The Big Gamble: Commoditizing Hotel Group Sales

Djibouti - PASHA CASINO at Djibouti Palace Kempinski 

This post is by Dave Lutz, managing director of Velvet Chainsaw Consulting.

I spent most of my career running one of the largest site selection companies in the country. I learned a ton about group sales and how customers buy.

I had the privilege to work with some of the best and most influential hotel sales professionals in the meeting and convention business. I am saddened to see companies send these sales folks careers off to pasture in favor of a new sales reorganization plan.

Group Sales Going Transactional

For years, many have claimed that the buying and selling of group business is a relationship sale. It is highly consultative, not transactional.

Now, there are several trends that are challenging that mindset:

1. More small meetings and thus more transactions.
2. Shorter booking windows.
3. Buyers’ adoption of procurement purchasing practices.
4. Buyers outsourcing site selection.
5. Consolidation of flags with more big chains managing multiple brands.
6. Hotels sold their souls to the OTA’s (Online Travel Agencies).

As these realities collide, some chains, led by Marriott, are reacting by reorganizing their on-property sales force into regional clusters. According to this Meetings & Conventions article (and my grapevine) Starwood is going down a similar path.

No longer does the hotel maintain a sufficient on-property sales team. Customer opportunities are now sold through regional sales offices that amount to nothing more than a lead processing center.

Regional clusters handle transactional responses. They sell across all company brands. They will have more inventory to improve their chances. Basically, it’s a model of throwing more RFP’s against the wall to see what sticks.

The Results And Tough Questions

Some hotels have cut on-property sales personnel by as much as 75%. This is a knee jerk to an overwhelming increase in RFP volume. I believe the end result will be: dramatically lowered close ratios.

• Are these chains heading in the right direction?
• Will personnel changes and lay-offs send some of these chains best and most loyal talent to the competition or to site selection firms?
• Will their relationships follow them?

What Sticks In My Craw

Here’s what really bothers me.

Less Leadership

Good on-property sales people are often inspirational leaders for hotel managers and staff. They serve as the property’s ambassadors. Clients benefit by having a trusted resource that can pull rabbits out of a hat. Who will fill this void? Convention Services and Catering professionals? Are hotel chains and owners making plans for that?

Less Creativity, More Laziness

If juggling other groups or leg work is required to make a piece of business work, regional sales folks are going to quickly jump to more available options in their portfolio. There is less fighting for what is in the best interest of the client or hotel owner.

Less Nimble

Less empowered staff decreases the ability to deliver quick answers regarding contractual issues, negotiations or property specific questions. This leads to increased response time for special requests. Business will go to the competition that is faster, more nimble and better at addressing these issues.

Squeaky Wheels And Selling Ugly Babies

If I own a 250-room suburban hotel (ugly baby), I may question who is selling and fighting for me on a daily basis. With fragmented hotel ownership, owner asset managers do a better job of making chains accountable. Expect an increase in squeaky wheels.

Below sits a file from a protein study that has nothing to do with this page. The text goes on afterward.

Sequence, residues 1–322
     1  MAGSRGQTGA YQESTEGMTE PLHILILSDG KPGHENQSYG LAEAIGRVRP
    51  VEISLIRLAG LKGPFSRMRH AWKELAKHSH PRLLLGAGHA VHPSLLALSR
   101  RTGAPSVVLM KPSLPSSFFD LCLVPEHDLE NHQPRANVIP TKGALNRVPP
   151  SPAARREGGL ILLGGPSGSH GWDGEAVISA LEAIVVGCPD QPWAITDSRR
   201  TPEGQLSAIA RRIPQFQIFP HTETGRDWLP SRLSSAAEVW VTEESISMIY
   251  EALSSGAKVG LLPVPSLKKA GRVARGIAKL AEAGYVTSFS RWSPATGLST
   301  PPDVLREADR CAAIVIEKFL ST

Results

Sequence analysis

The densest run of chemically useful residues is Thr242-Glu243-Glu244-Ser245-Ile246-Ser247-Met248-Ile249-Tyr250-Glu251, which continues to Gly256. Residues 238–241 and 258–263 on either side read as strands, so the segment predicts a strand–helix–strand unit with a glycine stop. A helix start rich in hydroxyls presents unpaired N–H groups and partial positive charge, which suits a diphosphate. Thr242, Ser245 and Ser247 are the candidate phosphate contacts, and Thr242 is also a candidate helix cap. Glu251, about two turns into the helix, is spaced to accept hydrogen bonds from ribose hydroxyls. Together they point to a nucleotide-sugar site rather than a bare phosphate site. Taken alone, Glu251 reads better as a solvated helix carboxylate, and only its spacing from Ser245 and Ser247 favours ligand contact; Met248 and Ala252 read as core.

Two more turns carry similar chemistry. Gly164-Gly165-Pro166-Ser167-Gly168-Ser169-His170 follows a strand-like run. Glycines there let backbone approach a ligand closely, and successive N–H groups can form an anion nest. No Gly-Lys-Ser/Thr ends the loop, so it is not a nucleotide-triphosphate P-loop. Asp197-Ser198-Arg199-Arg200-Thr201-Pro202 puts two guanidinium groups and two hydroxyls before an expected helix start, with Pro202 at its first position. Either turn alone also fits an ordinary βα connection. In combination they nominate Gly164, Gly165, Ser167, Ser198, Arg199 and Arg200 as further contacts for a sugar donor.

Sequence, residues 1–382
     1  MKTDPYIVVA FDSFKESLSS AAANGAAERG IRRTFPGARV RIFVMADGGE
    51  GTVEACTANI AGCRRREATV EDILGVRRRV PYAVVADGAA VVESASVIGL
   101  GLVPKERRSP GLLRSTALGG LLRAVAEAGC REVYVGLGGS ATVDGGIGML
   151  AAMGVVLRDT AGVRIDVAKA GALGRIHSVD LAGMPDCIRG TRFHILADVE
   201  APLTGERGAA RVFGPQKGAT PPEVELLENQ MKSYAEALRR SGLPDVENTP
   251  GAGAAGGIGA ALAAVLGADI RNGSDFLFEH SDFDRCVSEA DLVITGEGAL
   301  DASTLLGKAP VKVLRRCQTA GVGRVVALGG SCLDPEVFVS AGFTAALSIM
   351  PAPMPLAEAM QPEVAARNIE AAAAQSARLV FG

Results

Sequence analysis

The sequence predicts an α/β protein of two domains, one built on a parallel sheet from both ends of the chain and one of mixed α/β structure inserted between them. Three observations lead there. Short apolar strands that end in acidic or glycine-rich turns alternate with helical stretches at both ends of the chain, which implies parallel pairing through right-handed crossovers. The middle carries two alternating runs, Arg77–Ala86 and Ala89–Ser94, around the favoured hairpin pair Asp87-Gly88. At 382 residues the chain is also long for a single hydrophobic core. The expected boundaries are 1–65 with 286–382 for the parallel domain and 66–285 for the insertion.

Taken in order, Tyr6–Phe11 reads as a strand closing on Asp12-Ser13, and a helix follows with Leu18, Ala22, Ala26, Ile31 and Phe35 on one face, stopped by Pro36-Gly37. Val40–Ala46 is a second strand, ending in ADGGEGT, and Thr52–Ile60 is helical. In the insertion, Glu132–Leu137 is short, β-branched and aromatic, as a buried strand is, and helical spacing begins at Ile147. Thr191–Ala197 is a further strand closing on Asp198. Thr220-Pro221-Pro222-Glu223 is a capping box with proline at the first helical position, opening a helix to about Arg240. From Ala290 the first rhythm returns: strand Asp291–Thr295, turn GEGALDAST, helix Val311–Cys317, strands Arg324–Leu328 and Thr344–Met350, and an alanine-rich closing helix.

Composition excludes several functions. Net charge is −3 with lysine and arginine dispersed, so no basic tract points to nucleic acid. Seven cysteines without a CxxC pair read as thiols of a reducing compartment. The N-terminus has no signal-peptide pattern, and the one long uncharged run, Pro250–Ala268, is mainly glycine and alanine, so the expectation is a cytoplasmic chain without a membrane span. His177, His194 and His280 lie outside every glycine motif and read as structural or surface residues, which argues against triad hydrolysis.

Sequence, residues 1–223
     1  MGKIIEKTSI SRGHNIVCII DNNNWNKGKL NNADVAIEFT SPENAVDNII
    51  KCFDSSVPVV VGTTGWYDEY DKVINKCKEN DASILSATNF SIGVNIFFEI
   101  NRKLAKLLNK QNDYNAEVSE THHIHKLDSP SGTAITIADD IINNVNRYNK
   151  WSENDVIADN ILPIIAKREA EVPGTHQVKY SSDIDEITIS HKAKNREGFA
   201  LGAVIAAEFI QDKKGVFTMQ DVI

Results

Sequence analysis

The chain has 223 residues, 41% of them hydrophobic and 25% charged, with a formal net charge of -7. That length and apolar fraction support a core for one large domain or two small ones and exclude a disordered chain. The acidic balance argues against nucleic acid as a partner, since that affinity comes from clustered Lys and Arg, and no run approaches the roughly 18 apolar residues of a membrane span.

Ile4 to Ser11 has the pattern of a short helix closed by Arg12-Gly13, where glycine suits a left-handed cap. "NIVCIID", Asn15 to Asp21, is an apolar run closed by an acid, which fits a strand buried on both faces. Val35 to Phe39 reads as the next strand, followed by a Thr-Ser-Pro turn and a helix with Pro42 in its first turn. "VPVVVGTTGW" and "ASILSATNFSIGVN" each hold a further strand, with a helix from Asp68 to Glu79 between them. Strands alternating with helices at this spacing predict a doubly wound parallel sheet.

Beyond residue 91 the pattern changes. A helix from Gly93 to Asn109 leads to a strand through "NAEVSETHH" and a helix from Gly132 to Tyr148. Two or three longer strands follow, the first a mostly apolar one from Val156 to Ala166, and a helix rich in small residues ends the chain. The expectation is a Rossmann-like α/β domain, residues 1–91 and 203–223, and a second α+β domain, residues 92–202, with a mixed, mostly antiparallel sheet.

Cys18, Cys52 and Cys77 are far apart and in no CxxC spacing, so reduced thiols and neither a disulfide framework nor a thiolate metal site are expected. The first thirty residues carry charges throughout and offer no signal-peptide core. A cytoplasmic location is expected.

Total Account Management To Disintermediate

I think one of the main goals of these reorgs is to build closer relationships with the client’s organizations. Each chain wants to increase market share. They want to promote the benefits of direct bookings versus the use of third party site selection firms. In theory, it sounds like a good plan…if the relationships extend to the property level. And that’s a big if.

Factory Or Store Front?

Proponents of these reorgs claim that you don’t put sales people in the factory. When did hotels become factories? They’re store fronts! Stores without sales professionals must have a product that sells itself or offers deals that you can’t get elsewhere.

Time Will Tell

Some seasoned planners aren’t crazy about these changes. It’s a bit too early to tell if they will take their business to hotels where they have more trusted relationships.

Whether the regional sales cluster reorgs work or not will take time. In an up-market, the initial results may look good. In the long run, I think it’s going to mean even less brand loyalty.

How do you feel about the new regional sales clusters? Why do you think it will or won’t work successfully?

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  1. Timothy Arnold, CMP, CMM says:

    I hate the regional sales clusters with a passion. One good example is here in Dallas. I see the sales people from the hotels on a regular basis at MPI meetings and other industry events, but when I send them leads (even directly), they have to turn those over to regional sales cluster salespeople. So here I am working with people not at the hotel, but in totally different cities. Not the people who I have a good relationship with, but someone whom I have never met. When I want to schedule a site with a client, I have to go through the regional cluster person, who helps set things up with the hotel. The hotel sales person does not know my program, nor do they know who I am or who my clients are.
    In other markets, I send out leads to hotels, and the a regional sales person is assigned to work the lead for all of that company’s brands. Usually, they turn down all of the hotels except for one, and I have to go back to them to ask them to take another look at it.